- Boots Pharmacist and Boots Beauty Specialist look at how warmer weather can impact the skin
- Experts also offer advice on how to manage common skin conditions acne, rosacea, eczema and psoriasis, or their appearance, this summer.
Now that summer holidays abroad are in full swing and the temperatures are rising again this week, it may be time to consider mixing up skincare routines, especially for those who have a skin condition like acne, rosacea, psoriasis or eczema.
Boots has brought together its unique blend of experts from health and beauty to help. Boots Pharmacist Karen Shaw and Boots Beauty Specialist Leanna Zaman were recently joined by skincare influencer and writer, Rose Gallagher, to answer the most searched for summer skincare questions on Google.1
Rose said: “It’s been great getting together with health and beauty experts at Boots to answer commonly asked questions on summer skincare. Some people may find that they need to adapt their skincare routine according to the season. From my own experience with rosacea, I know that heat and sunlight can trigger flare ups and I need to take even more care with my skincare during these months.”
Here are the top questions Rose put to Karen and Leanna. The full discussion is also available to watch on the Boots YouTube channel.
Q: Which SPF should I be using during the summer?
Karen: “We should all be using sunscreen all year round with a minimum of SPF30 to protect our skin from sun damage, but in the summer months we may actually consider upping that to SPF40 or 50. It is also important you use a broad-spectrum sunscreen which covers both UVA and UVB.”
Leanna: “Add an SPF to the end of your daily morning skincare routine, even if your moisturiser or foundation contains SPF.”
Q: How can I prevent acne breakouts in the summer?
Leanna: “To help avoid an acne breakout cleanse daily and exfoliate the skin once or twice a week, depending on how sensitive your skin is. The CeraVe Blemish Control Cleanser is great because its lightweight gel formula contains salicylic acid to tackle blemishes. You could also try the new Boots Tea Tree & Witch Hazel Blemish Dots to target appearance of spots.”
Karen: “If you’re concerned about your acne or acne breakouts, come and speak to your pharmacist as there are topical treatments available at Boots including pharmacy medicines, like those that contain benzoyl peroxide. This works as an antiseptic to reduce the number of bacteria on the surface of the skin.”
Q: Why does my eczema flare up in the heat?
Karen: “Some eczema sufferers may find their symptoms get worse during the summer because the air is warm, dry and dusty. Sweating can also exacerbate symptoms. There are products that can help ease symptoms. Use an emollient daily to help keep skin moisturised or a steroid cream to help with an eczema flare-up. Sometimes antihistamines can help with itching too.”
Leanna: “Look out for products which are hypoallergenic as these are suitable for sensitive skin. For example, the Vichy Hyaluronic Acid Serum is hypoallergenic and is great for hydrating and plumping the skin, it’s one of my staples.”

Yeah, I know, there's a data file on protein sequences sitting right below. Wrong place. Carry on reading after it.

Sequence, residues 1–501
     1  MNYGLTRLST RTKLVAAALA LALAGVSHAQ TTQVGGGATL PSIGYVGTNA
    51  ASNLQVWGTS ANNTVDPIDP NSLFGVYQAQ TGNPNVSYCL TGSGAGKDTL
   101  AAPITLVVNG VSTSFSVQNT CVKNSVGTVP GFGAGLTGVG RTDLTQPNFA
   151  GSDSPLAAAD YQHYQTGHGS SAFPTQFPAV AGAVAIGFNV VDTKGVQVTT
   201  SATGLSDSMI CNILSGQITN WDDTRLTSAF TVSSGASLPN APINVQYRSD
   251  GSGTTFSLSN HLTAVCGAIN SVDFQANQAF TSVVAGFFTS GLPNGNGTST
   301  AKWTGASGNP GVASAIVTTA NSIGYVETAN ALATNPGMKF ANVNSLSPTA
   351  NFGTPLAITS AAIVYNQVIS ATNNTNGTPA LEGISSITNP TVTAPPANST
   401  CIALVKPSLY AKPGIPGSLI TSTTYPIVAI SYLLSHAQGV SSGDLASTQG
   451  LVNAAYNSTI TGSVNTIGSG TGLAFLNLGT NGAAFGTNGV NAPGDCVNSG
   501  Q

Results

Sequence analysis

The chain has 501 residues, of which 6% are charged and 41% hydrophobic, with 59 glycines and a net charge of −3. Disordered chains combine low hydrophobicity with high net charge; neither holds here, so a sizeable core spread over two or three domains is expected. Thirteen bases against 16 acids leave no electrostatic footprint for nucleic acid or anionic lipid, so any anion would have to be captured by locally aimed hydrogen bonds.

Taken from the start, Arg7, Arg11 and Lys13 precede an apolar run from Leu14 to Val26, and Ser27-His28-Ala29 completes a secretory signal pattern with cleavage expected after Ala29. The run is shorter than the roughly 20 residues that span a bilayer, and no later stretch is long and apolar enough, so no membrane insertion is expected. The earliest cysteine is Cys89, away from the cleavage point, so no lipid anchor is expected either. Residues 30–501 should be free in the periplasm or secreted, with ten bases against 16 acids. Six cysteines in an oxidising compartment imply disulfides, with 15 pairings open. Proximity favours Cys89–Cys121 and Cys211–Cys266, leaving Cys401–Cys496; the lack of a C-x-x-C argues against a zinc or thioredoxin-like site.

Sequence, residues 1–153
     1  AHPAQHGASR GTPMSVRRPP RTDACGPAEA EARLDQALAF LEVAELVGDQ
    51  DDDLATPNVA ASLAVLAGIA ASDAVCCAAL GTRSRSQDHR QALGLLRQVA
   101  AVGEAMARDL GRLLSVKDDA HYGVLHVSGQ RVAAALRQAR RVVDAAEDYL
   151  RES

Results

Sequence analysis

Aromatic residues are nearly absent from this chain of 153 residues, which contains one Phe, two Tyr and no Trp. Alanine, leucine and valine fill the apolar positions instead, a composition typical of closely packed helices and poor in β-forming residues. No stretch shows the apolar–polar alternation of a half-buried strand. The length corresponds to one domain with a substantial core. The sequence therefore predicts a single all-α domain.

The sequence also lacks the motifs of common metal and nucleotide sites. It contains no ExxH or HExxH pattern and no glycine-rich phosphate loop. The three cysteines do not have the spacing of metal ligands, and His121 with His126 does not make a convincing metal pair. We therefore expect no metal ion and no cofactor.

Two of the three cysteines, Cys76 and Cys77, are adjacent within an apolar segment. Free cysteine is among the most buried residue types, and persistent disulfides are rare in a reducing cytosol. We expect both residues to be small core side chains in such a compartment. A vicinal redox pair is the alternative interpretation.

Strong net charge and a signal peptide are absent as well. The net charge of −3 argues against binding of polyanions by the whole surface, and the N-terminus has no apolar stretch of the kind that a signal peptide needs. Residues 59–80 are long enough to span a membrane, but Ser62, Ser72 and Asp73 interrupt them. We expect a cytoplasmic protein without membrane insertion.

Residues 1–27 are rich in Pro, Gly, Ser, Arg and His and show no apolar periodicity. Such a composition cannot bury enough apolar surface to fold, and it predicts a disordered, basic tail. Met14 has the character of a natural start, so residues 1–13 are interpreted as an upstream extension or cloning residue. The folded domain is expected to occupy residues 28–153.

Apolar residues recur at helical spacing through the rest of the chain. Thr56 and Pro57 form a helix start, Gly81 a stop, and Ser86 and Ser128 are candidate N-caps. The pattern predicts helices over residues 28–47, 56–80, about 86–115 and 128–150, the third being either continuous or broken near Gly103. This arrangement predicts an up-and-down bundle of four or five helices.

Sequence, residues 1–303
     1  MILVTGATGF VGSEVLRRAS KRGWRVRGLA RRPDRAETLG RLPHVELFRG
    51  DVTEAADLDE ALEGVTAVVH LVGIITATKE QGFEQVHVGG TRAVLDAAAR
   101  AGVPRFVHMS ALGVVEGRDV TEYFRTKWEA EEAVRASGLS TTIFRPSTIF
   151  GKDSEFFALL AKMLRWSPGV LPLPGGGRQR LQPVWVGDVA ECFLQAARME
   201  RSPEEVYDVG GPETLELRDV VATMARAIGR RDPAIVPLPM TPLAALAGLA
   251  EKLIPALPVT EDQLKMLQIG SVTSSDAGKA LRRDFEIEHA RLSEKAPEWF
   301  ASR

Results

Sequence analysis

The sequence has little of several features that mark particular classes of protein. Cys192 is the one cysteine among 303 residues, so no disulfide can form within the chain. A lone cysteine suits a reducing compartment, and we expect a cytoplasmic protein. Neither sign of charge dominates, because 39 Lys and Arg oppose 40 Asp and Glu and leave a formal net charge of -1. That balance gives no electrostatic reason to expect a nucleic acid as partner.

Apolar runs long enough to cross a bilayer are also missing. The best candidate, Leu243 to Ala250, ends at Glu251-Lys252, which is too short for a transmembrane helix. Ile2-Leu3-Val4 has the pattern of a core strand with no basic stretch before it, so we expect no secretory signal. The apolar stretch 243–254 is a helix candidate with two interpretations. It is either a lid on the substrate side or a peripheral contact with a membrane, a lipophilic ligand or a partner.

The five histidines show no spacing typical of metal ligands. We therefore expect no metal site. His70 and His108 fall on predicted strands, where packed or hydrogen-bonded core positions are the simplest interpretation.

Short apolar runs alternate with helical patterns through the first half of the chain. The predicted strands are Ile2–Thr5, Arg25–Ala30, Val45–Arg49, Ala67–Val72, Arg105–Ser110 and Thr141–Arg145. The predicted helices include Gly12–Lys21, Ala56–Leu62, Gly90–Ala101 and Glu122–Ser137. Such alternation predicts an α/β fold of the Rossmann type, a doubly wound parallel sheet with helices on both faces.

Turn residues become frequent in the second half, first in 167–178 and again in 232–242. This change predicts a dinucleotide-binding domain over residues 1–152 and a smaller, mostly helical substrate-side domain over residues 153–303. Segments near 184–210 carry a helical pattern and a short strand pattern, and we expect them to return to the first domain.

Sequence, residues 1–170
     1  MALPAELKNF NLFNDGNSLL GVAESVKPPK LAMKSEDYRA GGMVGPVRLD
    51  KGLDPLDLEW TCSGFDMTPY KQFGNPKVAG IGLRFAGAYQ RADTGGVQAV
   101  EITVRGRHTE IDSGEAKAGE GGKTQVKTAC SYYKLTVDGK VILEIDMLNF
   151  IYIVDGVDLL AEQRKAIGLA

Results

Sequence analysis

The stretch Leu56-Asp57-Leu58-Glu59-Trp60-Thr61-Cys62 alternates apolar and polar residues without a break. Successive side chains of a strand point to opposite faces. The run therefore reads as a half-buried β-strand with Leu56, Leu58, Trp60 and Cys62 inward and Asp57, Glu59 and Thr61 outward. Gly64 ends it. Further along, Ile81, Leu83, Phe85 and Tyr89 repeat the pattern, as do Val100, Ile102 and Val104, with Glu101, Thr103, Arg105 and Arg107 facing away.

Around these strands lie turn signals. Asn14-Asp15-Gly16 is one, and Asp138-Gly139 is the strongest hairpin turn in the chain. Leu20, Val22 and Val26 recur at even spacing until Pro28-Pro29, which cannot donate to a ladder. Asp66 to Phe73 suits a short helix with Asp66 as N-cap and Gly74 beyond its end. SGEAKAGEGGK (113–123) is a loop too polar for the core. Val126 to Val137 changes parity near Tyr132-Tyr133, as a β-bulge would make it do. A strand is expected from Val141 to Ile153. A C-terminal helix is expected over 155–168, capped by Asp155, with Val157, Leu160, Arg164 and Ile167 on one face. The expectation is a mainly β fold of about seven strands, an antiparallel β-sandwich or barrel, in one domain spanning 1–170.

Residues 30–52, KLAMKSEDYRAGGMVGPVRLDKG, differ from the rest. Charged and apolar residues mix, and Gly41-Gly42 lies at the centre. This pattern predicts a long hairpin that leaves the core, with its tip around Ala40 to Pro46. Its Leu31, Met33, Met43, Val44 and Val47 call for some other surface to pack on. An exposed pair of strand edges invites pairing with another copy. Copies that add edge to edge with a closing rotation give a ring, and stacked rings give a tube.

Q: Why does the sun make my rosacea worse?
Karen: “The sun can make rosacea flare up so it’s important to use a gentle broad-spectrum sunscreen throughout the day and keep reapplying it. Try to avoid heat, direct sunlight and humid conditions if possible.”
Q: Does hyperpigmentation get worse during the summer?
Karen: “Yes, several things can trigger hyperpigmentation, but sun damage is one of the biggest factors, which is why the appearance of hyperpigmentation may increase during summer. Hormonal changes, ageing and past inflammation like acne can also be possible causes of hyperpigmentation.”
Leanna: “For your sunscreen, try the Soltan Age Defence SPF 30, it contains hyaluronic acid to moisturise and reduce appearance of fine lines. For an SPF that targets dark spots, try Eucerin Anti-Pigment Face Cream SPF30.”
Q: Why do I experience less psoriasis symptoms in the summer?
Karen: “Psoriasis is caused by increased production of skin cells which shows up as dry patches of skin. The patches can sometimes look red or pink on brown, black and white skin, and the scales white or silvery. On brown and black skin, the patches can also look purple or dark brown, and the scales can look grey. In the summer, people with psoriasis are exposed to more natural ultra-violet light than they are at other times of the year. and this can help their symptoms. Salt water can also help, and this is why you may notice an improvement after a summer holiday.”
Leanna: “You could use something like the Dr JartCicapair Serum to help reduce the appearance of any redness you may experience. The green concealer in the NYX Professional Makeup Colour Correcting Palette is also great for balancing out any redness.”
Boots has shared its top picks for your summer skincare routine*:
- E45 Dermatological Emollient Wash Cream, £5.89
- Boots Dermacare Daily Moisturising Cream, £9
- Boots Tea Tree & Witch Hazel Blemish Dots, £4
- Vichy Hyaluronic Acid Serum, £35
- NYX Professional Make Up Colour Correcting Palette, £12.99
- Dr.Jart+ Cicapair Serum, £41
- Boots SPF+ Hyaluronic Acid SPF50, £8
- CeraVe Blemish Control Cleanser, £13
- Soltan Age Defence SPF30, £10
- Eucerin Anti-Pigment Face Cream SPF 30, £28
Boots Dermacare is a range of topical skin products which have been created to help people manage the symptoms of a variety of skin conditions, including dry skin, eczema, rosacea and psoriasis.
The Boots Health Hub also offers a variety of services and access to the Boots Online Doctor Service** for treatments for conditions such as psoriasis, acne, eczema and rosacea.
*These products are not endorsed or recommended by the pharmacist.
** Access to treatment is subject to an online consultation with a clinician to assess suitability. Subject to availability. Charges apply